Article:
As some of you know, it’s been a tumultuous summer here at Blue Dozen. We’ve had some family issues crop up in our (well, MY) life that have been painful, un-fun and downright distracting. We’ve kept a stiff upper lip in spite of all that’s gone on, and it’s looking like sunnier days are ahead. We’re all back in the office and we’re all ready to kick ass and take names in the manner which we’ve grown accustomed. Projects have still been rolling in and rolling out – and they’ll keep rolling. Since design and development and coffee-drinking is part of our DNA, there’s a great solace in the workaday world here. But, it’s been rough. The creative wells run dry faster when there’s an outside stressor. Then again, we can use the stress to create great things – and we feel like we have. Take THAT, issues!
Through all the garbage that’s been going on, one thing has kept ringing true – love the people around you. When things go haywire and life is cold and hard, you’re going to want to know that you have a group of folks who are in your corner, and you’re going to need to have peace and comfort in knowing that you’ve done your level best to love them, cherish them and show them how important they are in your life.
Friends, family and, yes, clients are all part of that. Spread love to those around you, and when the storms of life arrive, that love will be showered back onto you. We spread love – daily. We love what we do, we love who we do it for (that’s the client stuff,) but our family is, and will always be, priority one. We make no excuses for that – it’s been our modus operandi since we first opened our doors. Love of family – it’s the thing that really gets us through the rough patches.
So, what am I really saying here? I don’t know, really – just wanted to pop in and let you all know that while things have been rough, it’s love that has sustained us. We thank our family for that, and we thank YOU for that.
If you haven’t yet, take a moment and hug those that are important to you. Call someone just to say “I love you.” Be good to those around you and be good to yourself. This world is too big and too complicated to go it alone. We all need support, and we all need warmth and hugs and shoulders to cry on. Reach out to those that are close to you. They’ll be your shelter.
Thanks to our clients. Thanks to our families. Thanks to love.
Have a great week. I know we will.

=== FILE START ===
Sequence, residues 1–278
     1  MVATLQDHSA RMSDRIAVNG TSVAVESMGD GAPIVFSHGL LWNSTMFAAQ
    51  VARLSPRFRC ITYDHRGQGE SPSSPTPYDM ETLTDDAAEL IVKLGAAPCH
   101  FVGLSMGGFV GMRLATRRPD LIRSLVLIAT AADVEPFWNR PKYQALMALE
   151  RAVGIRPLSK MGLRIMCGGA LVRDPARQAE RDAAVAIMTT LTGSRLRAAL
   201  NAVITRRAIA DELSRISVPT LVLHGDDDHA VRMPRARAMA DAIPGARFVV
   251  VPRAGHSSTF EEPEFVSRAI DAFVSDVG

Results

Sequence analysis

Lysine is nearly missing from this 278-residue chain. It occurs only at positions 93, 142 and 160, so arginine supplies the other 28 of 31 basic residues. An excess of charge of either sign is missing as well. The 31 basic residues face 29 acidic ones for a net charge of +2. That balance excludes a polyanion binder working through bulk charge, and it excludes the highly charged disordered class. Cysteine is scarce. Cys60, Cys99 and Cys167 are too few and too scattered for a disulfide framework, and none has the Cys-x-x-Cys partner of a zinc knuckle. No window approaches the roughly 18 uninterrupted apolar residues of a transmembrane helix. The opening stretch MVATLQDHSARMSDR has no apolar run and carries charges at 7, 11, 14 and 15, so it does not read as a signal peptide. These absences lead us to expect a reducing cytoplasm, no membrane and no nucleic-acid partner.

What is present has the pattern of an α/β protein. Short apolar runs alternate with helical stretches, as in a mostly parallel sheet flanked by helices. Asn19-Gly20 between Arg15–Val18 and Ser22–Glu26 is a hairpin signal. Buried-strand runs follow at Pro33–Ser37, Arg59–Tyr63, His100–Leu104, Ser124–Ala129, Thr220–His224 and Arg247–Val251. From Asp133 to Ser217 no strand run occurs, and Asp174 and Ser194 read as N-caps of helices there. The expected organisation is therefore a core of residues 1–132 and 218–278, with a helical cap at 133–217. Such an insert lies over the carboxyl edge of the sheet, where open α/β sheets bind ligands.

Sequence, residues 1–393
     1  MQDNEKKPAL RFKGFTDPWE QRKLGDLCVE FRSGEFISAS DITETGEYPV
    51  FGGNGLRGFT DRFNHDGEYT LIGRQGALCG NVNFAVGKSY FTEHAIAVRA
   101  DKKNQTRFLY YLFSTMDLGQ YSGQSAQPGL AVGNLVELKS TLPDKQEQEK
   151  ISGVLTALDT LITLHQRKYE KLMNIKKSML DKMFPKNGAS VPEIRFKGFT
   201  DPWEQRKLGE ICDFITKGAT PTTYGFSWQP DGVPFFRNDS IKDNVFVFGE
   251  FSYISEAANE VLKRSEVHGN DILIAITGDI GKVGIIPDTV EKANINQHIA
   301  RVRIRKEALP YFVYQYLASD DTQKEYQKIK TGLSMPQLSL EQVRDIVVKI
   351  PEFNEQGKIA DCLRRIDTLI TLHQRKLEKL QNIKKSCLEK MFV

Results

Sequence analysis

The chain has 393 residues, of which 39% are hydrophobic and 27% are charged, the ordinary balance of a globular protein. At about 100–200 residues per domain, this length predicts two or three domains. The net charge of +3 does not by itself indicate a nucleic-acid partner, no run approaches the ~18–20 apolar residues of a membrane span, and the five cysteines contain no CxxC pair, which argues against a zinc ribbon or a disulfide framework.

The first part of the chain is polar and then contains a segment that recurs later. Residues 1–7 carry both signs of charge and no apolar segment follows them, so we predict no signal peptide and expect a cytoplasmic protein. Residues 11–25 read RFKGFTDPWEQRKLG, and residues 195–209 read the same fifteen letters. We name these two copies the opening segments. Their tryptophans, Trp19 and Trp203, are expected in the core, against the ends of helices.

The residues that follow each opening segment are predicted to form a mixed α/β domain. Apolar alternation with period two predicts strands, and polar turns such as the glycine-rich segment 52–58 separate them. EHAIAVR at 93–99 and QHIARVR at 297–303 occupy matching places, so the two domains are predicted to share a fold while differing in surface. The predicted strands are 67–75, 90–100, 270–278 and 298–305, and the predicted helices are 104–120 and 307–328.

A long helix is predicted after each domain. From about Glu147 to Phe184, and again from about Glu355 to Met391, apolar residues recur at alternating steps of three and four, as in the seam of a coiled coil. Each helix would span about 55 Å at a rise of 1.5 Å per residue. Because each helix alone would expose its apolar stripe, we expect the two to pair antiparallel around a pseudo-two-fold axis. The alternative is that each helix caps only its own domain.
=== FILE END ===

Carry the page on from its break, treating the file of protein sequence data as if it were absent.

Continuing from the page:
“Life is not about being liked. It’s about being effective…”
Joel Bauer is pretty brilliant. This one has made me laugh for years.
Bauhaus (both the band and the movement,) have been around my life and work for a long, long time. Bauhaus (the band,) were one of my favorites in college (hell, still are) and Bauhaus (the artsy bit) has always had a heavy influence on my design style, beginning in my days at SCAD.
Bauhaus (the band and the movement) are sleek and sexy and minimalist. Daniel Ash’s guitar was stark and lean and angular – much like the actual Bauhaus compound. Cold and very Germanic. Sweet.
Check out this great video (the whole “Design in a Nutshell” series is pretty brilliant) about the Bauhaus school and movement:
Then check out Misters Murphy, Ash, J and Haskins doing their thing in a song concerning (I think,) over-aged prostitutes while still living at home with mummy:
What does this all mean for you? Not much. Learn a bit about something artsy, something about goth tunes in the 80’s. Consider it school. But more interesting.
I don’t think I need to say too much about Gaudí. I’ve always been a big fan of architecture as an art form – and this guy takes that notion to the absolute limit. The Sagrada Familia (the roof of the nave shown above,) the Park Güel, Casa Batlló and the Colonia Güell all stand as masterworks of a man who understood the power of architecture and who knew how to think “outside the box.”
I’ve never been to Barcelona. Hell, I’ve never been to Los Angeles – but experiencing this guy’s work in person is ABSOLUTELY on my bucket list. His organic style is really something to behold, and the motion and fluidity of his lines are incredible. What else can be said other than this guy was an incredible artist with an eye toward the future – but not in a strictly modernist way. His work transcended modernism then, and it holds up even today.
Check it out. You’re going to spend a LOT of time looking at his stuff. Time very, very well spent.
On December 1, there were 2 deaths in our family. And we couldn’t be happier. The deaths were 2 successful businesses – Independent Studios and Lily Giggle. Were they mercy killings? Were there troubles? Eh – sort of. Read on, intrepid design fan…
First – Lily Giggle. Beth (my wife and one of the principles here at Blue Dozen,) shut down her very successful PDF sewing pattern business. Why would she close doors something that was working? Why leave money on the table? The answer here is very simple: family. Beth decided that it was time to refocus. Lily Giggle had grown far beyond her (or anyone’s for that matter) expectations and had started taking too much time to maintain properly. She faced a decision: Keep the business rolling the way it was and be forced to spend too much time with admin, upkeep and all the trappings of success, or go on hiatus and risk being unable to fire the boiler back up. The first choice was the easy path. “It’s business. My family needs the money, and it’s my job…” It’s what the world tells you is the right. It’s what most folks would do. It was successful. It was rolling. It was good. But, it was hard – and it kept her from what she really wanted to focus on: her family. Our family. The second choice was hard: stop, breathe, refocus. Beth decided to take the path that requires a lot of explanation and sacrifice. She pressed pause, not knowing if the tape would resume. It might, it might not. We don’t know right now – but what we do know is that she made the right choice. She put her money where her heart is – family. She had a sale and shut it all down Saturday night. It was hard. It will be hard. But now, she has the time to stop, breathe and refocus.